When it comes to Korean music, I don’t consider myself an expert of the history of the rise of rock music. Since I only started listening to Korean indie and rock music around 2007, there are plenty of years that I missed and only partially caught up with through albums. But now in 2014, the expansion of Korean independent music has seen some really bright days.

Considering the main portals for international readers to discover Korean bands is through Twitter or Facebook, the adoption of the networks by bands is impressive. Also the fact that a lot of bands never needed to think outside the borders of South Korea, it’s great that they have found a more “international” way to communicate.

But with the title The State of Korean Music, I wanted to talk more about how more people have started to discover and explore the different genres of music.

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In a short sentence: It’s a great time to listen to Korean music.

This can be applied through a lot of different means. For one, more bands are releasing their music digitally for international audiences. Whether that is through iTunes, bandcamp, or SoundCloud, the ways to discover new music are a lot more open than ordering a CD from an international vendor. In some cases, you can directly support a band by buying their music.

Second, the use of Facebook and Twitter are excellent ways to find new bands. There is still a language barrier in some cases. While some bands still use Cyworld (which is locked for most international users), Facebook pages offer a way to keep tabs of bands and what they’re doing.

The usual usage is announcing shows, in the case that you visit South Korea you can usually find bands playing on the weekend. Twitter is also a great way to interact directly with bands and musicians. They all welcome comments and conversations from fans and I think they especially enjoy receiving messages from people internationally.

There are many cases when a band is surprised that they have fans outside of South Korea. I think that’s changing now with more musicians becoming aware that people are searching for more music. Whether fans enter through listening to Korean pop music and then searching other genres, it’s a great transition.

But at the same time, these bands still need support any way they can get it. Through many conversations I’ve had, it’s very difficult to live as a full-time musician. There are some cases, but most smaller bands work during the week and play shows on the weekend. So if their music is available, support them any way you can.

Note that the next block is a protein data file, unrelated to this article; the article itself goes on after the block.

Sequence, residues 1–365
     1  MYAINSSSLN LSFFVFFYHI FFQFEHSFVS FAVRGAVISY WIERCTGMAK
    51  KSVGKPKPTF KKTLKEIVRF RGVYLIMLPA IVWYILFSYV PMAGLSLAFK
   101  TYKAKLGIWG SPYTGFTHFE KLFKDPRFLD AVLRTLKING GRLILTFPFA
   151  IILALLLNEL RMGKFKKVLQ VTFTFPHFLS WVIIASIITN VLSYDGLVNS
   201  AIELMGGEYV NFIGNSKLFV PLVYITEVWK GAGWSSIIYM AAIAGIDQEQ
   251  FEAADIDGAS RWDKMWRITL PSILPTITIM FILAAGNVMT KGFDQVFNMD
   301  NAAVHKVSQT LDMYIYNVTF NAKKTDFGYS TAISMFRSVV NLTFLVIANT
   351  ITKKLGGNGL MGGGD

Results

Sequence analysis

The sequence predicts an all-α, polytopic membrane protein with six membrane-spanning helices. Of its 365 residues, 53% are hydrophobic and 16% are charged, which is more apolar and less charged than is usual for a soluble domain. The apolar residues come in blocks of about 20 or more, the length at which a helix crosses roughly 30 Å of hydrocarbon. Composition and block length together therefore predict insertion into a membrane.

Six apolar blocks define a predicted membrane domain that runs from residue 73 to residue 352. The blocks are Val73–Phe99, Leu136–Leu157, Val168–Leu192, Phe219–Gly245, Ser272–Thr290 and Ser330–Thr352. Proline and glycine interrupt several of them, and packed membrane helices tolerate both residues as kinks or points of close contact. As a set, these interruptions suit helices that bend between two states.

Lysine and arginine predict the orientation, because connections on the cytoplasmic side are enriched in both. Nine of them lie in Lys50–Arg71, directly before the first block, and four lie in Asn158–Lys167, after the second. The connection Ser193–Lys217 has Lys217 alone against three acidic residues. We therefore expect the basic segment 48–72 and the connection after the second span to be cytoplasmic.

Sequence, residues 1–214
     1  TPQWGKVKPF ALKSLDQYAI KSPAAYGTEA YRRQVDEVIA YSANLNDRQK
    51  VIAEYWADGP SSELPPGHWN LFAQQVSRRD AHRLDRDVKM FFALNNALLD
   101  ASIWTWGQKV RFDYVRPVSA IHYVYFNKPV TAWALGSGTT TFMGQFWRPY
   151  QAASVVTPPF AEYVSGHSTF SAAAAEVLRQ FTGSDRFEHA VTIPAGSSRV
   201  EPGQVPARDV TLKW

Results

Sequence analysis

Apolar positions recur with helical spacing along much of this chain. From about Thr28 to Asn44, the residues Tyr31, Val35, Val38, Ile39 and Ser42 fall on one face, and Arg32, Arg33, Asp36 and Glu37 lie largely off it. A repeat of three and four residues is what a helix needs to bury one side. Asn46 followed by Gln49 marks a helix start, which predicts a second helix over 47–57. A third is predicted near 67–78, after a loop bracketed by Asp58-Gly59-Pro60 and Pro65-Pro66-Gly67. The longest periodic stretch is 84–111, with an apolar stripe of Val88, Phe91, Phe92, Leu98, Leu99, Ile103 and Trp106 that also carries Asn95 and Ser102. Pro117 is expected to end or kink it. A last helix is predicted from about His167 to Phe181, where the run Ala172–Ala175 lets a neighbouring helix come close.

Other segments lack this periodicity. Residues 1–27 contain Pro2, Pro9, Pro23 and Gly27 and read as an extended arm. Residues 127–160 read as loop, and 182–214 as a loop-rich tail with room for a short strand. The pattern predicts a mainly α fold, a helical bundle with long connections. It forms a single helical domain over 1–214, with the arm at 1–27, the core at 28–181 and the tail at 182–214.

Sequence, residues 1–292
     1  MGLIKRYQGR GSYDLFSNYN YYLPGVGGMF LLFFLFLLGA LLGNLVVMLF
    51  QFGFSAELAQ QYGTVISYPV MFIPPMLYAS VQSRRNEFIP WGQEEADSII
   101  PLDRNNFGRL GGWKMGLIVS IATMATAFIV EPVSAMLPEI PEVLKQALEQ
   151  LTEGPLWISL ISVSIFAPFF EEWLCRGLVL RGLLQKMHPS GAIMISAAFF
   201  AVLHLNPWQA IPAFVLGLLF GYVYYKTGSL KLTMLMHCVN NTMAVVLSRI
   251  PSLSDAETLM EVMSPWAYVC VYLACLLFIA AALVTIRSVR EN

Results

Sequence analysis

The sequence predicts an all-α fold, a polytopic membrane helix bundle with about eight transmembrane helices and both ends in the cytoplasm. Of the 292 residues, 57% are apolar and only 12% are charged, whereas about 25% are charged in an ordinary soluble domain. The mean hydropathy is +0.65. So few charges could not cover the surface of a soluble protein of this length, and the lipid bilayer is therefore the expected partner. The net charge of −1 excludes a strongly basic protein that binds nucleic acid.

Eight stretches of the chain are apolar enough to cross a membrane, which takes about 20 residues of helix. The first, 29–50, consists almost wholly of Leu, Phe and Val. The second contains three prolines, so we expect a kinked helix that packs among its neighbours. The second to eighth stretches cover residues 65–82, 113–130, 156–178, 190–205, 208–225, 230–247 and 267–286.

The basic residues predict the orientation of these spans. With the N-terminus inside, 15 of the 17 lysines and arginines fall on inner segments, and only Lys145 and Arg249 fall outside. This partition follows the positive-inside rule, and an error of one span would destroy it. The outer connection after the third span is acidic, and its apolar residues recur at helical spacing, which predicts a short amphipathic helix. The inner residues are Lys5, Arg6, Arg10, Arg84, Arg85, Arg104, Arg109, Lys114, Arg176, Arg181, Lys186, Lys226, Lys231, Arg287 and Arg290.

If you live in the United States, Seoulsonic’s yearly tour has brought an excellent selection of bands around the country. While the tour doesn’t hit a lot of places, if you can make a trip to see a show it’s really worth it. There’s no comparison between listening to the song on a recording to seeing the band perform live.

But back to the “state” of Korean music.

It’s a perfect time. Not only because it’s easier to find music yourself, but there are a lot more sites that can help you discover music. With KoreanIndie.com, it’s difficult to cover all the news and shows. I feel like the site is more a place for discovery. By posting album reviews, it provides a way that readers can be introduced to different types of music.

The interviews are another way for musicians to introduce themselves personally. When I post interviews, I never change the answers and only fix sentences for a better flow, but nothing is changed.

There are a lot of other sites inside South Korea like Korea Gig Guide or DoIndie that provide a more current view. It’s something that is almost impossible to do outside of the country, short of writing all the time.

There are more sites that cover Korean culture as well and those may also provide additional information about the country.

As KoreanIndie.com grows, whether by the type of content we cover or how much support we can give bands, a lot of it will have to come from the fans. These bands work their asses off to make music and they’re no different from any other band trying to make music they love.

As a source, I would like to cover as many bands as possible. With the current writing team in place, I think we’re doing a pretty good job. But if you see that link for iTunes or bandcamp, give those bands and musicians your support. It can go a long way to help them record more music.

Korean Indie Editor-At-Large The person in the background watching over everything.